Only 325 of Iowa's 7,000 practicing physicians have certified less than 600 patients for Iowa's new medical marijuana program which starts December 1st. That's a far cry from the "tens of thousands" medical marijuana advocates predicted. This according to an article in the Des Moines Register.

Doctors in Iowa seem hesitant to prescribe the treatment to patients mainly because the science isn't there to back up it's benefits. Dr.  Steven Adelman, a neurologist at Mercy Medical Center, told the Register “It’s not that we’re against medical marijuana, we just want to have more evidence that it will help our patients. … The hype has really preceded the science.”

Oncologist Richard Deming, who is director of Mercy's cancer center, told the paper that he thinks medicines shouldn't be prescribed to patients until they've been deemed safe and effective. Additionally he has concerns with cannabis shop personnel providing dosing advice to patients.

The Iowa Medical Society calls Iowa's medical marijuana program “unsustainable and dangerous public policy."

All the above is great food for thought. However, the research would be done if the federal government could get out of the mindset that somehow researching the use of cannabis for medical purposes is giving the entire country permission to smoke a joint and get high. Heck, Iowa's medical marijuana program doesn't even permit products to be sold that would be smoked or vaped.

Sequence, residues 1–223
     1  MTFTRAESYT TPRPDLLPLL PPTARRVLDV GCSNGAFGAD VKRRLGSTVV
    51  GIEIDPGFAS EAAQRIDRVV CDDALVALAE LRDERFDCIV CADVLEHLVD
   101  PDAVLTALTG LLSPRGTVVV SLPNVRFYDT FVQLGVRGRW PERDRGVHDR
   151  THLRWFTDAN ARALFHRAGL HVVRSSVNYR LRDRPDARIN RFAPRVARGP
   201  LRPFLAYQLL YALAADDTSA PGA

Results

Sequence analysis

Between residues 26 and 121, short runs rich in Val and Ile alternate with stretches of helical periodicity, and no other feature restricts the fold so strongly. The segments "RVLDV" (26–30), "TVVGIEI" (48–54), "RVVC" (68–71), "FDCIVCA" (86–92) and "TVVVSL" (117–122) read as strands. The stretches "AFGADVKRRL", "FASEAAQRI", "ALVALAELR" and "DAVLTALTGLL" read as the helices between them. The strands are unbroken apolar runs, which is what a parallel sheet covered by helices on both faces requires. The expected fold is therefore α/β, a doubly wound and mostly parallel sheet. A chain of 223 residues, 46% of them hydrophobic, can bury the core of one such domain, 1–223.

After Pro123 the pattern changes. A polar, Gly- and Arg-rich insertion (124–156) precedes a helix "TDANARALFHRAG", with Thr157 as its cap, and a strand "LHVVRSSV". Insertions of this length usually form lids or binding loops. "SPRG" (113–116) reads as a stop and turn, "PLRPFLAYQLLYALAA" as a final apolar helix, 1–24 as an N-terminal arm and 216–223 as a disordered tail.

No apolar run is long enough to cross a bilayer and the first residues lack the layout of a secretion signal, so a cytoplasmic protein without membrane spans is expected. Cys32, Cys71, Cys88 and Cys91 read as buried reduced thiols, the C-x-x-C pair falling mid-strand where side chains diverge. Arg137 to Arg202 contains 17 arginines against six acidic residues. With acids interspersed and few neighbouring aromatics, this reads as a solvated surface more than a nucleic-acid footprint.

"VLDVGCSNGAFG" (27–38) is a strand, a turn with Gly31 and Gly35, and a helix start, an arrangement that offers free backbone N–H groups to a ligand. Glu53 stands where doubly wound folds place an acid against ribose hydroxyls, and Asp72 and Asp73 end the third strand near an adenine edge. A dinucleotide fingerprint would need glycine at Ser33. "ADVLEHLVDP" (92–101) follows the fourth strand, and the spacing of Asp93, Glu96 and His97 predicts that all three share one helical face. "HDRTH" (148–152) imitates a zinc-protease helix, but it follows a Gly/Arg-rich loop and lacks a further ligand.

The bottom line in my mind is simple. Patients are looking for solutions and relief of pain, seizures, nausea. In cases where people get curious about whether or not marijuana may help, I'd bet big pharma's solution hasn't worked. Or in some cases, their cure is worse than the disease. I'd like to think physicians might be open to letting their patients try to find relief through cannabis. Apparently in Iowa, that's not the case ... yet.


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